Heart-Shaped Baguettes

Heart-shaped baguettes are easy to make… well, sort of. Once you’ve got your baguette, it’s easy, but making the baguette in the first place takes a little time.

heart-shaped baguettes

When you shape your baguette, make it longer and thinner than usual. Also, blunt-ended-baguette lovers, taper your ends. Let your baguette rise the usual way (long and straight). You will shape it right before it goes into the oven. Let it rise on something it won’t stick to, such as a linen towel sprinkled with cornmeal, semolina, or rice flour. (Don’t let it rise on parchment paper because it will stick too much to maneuver later.)

When your baguette is fully risen and the oven is well pre-heated, turn it into a heart. I recommend shaping it onto a thin baking pan (with or without parchment) and putting the whole thing into the oven. (If you use a baking stone, just put the pan on top of it—the stone’s heat will still help your loaf rise.)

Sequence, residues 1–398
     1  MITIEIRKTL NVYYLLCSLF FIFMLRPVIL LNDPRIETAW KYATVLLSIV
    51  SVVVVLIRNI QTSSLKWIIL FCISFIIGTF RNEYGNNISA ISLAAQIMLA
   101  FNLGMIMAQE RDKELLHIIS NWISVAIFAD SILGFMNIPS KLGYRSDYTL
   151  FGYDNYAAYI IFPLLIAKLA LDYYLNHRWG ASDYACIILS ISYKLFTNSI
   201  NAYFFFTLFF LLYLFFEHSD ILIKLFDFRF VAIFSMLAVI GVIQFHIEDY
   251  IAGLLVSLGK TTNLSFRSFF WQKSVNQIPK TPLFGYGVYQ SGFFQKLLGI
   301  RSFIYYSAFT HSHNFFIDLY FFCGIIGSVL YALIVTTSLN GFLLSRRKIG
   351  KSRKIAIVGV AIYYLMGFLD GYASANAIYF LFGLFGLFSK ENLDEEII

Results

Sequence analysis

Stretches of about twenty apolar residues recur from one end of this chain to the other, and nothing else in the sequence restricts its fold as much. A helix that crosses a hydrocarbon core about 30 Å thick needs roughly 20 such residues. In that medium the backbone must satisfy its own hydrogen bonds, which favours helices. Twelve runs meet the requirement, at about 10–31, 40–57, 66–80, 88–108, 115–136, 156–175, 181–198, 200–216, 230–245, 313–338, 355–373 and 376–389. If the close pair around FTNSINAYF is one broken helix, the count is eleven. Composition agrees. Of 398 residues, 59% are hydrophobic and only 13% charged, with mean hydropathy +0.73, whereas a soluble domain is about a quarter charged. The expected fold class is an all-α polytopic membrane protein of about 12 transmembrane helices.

If you are really good with the pull-the-tablecloth-out-from-under-the-dishes trick, you can shape the heart on a peel or cutting board that’s been well-sprinkled with cornmeal, semolina, or rice flour, and drop it onto your pizza stone, but you might need to readjust the heart shape once you’ve loaded the baguette into the oven, and this can lead to a messy heart shape or deflated places. Here I am shaping the hearts in the bakery with our special oven loader:

heart-shaped baguettes, shaping

Here’s how to shape the heart:


Be gentle; try not to deflate the baguette. 1. Start the heart shape, keeping it symmetric. 2. Use your hands in a V-shape to pinch the bottom of the heart. 3. Curl the ends of the baguette to finish the heart. Re-pinch the bottom if necessary. The opening of the baguette goes at the top of the heart. Don’t put the opening at the bottom, unless you are dating a dentist.

Some people like to score the sides of the heart (that is, make cuts with a knife or razor blade; this is what creates the oval openings on normal baguettes), but I think this looks messy. If you don’t make any cuts, however, you run the risk of having your baguette split open in places:


The way to avoid this is to let your baguette be well-proofed before it goes into the oven. You want it big and poofy. (Poofy is not a word, but it should be.) Steam your baguette, load it in, shut the door, and don’t peek for 15 minutes! I hope it turns out great, and Happy Valentine’s Day!